A political sex scandal is prime low-hanging fruit for the mainstream media. What they are missing, though, is $140,000 spent on behalf of the Herman Cain campaign by a Koch Brothers-backed non-profit operated by Cain’s campaign manager in Wisconsin not set up for political activity. The expenditures weren’t reported, possibly breaking campaign finance law.
Daniel Bice, a reporter for the Milwaukee-Wisconsin Journal-Sentinel, has been hot on the trail of a potential major breach in federal campaign and tax laws by the Cain campaign.
Herman Cain began his campaign on January 1st. Prosperity USA, as a a tax-exempt non-profit 501(c)3 organization, which is barred from participating in partisan politics, says Friends of Herman Cain, the Cain campaign’s fundraising organ, owed the organization about $40,000 for travel services, iPads and chartered flights that it provided to the Cain Campaign in February and March to get them “off the ground.” Bice also reports another chunk of money that went out on behalf of the candidate:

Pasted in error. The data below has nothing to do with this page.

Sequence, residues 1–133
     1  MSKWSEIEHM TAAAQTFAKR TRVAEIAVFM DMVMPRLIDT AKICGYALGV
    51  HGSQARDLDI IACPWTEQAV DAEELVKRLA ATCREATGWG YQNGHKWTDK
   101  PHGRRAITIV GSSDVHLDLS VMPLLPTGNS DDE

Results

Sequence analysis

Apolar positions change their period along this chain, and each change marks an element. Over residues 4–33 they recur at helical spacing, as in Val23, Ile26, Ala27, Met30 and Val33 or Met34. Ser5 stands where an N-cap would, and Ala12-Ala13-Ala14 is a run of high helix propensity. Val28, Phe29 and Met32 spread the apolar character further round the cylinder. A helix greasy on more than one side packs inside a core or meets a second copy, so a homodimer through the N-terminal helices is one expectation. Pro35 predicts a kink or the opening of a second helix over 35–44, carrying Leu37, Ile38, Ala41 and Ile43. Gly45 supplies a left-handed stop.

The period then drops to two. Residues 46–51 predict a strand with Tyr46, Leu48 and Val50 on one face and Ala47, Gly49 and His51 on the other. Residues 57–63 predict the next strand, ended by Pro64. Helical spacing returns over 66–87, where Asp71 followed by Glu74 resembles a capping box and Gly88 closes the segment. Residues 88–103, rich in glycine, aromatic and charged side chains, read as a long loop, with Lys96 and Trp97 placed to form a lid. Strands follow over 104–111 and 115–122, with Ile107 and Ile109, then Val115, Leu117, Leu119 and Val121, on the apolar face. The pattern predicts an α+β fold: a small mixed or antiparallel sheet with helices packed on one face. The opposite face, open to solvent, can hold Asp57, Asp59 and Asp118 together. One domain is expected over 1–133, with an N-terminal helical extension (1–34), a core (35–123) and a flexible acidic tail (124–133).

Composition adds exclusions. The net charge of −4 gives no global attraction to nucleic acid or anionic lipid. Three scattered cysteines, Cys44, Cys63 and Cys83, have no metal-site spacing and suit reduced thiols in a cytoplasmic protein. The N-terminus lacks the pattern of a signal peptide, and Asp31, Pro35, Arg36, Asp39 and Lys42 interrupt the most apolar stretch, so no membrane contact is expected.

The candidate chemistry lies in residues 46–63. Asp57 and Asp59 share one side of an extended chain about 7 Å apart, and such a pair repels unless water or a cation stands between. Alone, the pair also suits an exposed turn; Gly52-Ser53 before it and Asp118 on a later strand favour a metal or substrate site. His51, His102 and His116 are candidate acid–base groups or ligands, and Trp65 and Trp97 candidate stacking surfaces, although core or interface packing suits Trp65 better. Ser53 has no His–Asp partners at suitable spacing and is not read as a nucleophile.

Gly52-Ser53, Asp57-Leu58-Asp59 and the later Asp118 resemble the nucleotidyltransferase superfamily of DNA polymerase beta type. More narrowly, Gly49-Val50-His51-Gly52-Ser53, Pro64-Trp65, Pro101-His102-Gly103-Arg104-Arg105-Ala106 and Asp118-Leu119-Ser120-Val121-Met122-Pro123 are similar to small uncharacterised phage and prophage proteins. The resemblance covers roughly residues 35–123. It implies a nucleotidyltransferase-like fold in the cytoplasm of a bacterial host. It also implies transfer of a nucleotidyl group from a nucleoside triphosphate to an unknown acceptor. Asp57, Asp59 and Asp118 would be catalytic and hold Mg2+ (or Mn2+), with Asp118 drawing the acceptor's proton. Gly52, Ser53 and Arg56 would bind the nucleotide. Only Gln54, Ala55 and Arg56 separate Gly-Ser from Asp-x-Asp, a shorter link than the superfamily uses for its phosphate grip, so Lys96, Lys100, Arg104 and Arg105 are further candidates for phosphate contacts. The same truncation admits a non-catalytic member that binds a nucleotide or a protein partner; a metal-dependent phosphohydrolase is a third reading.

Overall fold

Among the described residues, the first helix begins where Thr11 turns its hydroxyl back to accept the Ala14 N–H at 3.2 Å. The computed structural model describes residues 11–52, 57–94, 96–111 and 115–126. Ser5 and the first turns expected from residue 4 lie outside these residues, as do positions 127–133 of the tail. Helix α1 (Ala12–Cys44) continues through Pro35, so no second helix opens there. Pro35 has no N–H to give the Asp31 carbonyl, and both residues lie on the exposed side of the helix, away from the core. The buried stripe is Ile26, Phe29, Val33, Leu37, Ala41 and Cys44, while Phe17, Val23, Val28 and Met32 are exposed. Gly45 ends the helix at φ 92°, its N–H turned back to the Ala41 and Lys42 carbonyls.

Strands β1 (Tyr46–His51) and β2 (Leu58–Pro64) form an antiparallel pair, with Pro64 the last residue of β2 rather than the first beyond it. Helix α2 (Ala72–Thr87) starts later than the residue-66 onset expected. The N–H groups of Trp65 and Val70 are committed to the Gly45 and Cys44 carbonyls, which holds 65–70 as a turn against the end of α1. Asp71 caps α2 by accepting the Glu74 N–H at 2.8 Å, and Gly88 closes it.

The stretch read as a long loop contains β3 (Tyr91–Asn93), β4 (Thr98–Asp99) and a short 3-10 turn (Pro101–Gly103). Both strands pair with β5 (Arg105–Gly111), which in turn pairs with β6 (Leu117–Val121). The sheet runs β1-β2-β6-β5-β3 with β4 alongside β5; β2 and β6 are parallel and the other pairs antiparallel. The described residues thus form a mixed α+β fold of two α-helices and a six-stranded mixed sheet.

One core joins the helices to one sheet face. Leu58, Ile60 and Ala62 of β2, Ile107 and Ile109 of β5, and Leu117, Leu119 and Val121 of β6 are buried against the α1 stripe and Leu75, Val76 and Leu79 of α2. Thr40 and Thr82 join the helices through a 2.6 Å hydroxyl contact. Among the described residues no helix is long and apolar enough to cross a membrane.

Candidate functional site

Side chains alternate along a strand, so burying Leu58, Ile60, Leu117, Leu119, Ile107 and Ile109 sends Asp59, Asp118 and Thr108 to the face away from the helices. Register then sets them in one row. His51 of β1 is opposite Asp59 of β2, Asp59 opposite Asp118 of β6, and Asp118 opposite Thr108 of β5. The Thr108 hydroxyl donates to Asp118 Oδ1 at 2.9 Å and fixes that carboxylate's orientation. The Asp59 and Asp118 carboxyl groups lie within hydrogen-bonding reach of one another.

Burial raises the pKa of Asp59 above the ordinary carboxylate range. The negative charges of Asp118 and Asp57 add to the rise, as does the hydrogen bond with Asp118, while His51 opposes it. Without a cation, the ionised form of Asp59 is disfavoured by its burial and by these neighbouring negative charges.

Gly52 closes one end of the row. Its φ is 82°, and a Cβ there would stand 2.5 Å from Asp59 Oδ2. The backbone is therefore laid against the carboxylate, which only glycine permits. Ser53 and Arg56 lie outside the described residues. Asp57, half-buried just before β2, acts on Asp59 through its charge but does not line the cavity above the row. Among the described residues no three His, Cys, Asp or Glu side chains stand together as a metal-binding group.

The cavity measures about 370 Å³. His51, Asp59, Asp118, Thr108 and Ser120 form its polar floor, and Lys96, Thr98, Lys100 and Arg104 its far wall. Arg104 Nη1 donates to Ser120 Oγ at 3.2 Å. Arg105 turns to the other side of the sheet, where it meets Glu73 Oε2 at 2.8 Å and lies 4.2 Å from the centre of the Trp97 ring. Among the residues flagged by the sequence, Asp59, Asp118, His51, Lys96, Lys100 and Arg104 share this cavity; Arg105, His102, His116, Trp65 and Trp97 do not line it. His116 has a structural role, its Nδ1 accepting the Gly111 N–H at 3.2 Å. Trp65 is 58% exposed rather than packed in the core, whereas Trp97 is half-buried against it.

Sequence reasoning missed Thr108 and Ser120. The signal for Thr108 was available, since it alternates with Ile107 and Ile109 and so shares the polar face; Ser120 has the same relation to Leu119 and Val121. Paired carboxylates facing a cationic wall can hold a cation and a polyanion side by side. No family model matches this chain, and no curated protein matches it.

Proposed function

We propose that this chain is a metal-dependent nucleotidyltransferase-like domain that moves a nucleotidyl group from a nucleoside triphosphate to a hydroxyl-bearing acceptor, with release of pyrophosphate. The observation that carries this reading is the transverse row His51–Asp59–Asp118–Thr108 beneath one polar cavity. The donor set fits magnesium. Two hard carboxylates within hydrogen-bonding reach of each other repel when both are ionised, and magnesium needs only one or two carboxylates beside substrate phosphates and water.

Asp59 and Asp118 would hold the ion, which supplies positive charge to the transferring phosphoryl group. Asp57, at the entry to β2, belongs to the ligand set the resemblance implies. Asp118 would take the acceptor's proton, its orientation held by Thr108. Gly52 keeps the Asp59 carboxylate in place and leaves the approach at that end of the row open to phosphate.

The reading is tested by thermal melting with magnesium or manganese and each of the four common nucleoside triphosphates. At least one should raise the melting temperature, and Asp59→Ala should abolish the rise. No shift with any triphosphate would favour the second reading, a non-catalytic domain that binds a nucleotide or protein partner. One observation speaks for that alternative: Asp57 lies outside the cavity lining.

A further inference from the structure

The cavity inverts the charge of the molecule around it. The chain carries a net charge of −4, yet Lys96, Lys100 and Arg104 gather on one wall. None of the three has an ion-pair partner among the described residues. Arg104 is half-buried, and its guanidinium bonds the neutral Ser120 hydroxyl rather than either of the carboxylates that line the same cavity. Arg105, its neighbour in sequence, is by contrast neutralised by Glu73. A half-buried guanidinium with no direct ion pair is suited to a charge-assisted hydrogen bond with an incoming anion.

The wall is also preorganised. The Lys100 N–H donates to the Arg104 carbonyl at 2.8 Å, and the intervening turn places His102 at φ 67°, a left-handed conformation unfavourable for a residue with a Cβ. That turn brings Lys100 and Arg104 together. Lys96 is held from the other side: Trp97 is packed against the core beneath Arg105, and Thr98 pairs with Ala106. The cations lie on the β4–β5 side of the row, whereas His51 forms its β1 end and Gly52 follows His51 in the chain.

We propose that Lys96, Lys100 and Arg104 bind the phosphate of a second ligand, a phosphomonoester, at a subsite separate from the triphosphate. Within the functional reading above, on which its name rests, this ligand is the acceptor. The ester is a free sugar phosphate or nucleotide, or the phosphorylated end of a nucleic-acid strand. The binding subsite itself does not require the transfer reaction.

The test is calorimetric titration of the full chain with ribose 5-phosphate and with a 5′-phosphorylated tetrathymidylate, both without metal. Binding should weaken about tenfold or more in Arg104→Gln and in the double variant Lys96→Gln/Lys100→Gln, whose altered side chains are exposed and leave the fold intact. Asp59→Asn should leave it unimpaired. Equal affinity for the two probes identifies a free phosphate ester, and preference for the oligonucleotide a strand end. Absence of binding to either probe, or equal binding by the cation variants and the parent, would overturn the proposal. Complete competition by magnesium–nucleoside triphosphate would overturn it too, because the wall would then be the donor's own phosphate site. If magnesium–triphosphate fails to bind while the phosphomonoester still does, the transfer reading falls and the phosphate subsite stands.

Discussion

“In addition, sources told the Journal Sentinel that Prosperity USA paid about $100,000 to the Congress of Racial Equality (CORE) shortly before Cain was the featured speaker at an awards dinner in mid-January.”
None of these expenses, or reimbursement for them, appear on the campaign’s reports to the Federal Elections Commission (FEC). There is no record that the Cain’s campaign ever paid the money for travel and services back to the now-defunct PAC.
“According to the financial documents, Prosperity USA received $65,000 in grants in the first half of 2010 and incurred $150,000 in debt to unnamed people as of February 2010. The balance sheet lists $41,113.65 owed to the group from FOH, or Friends of Herman Cain, Cain’s campaign committee,” the Los Angeles Times reports.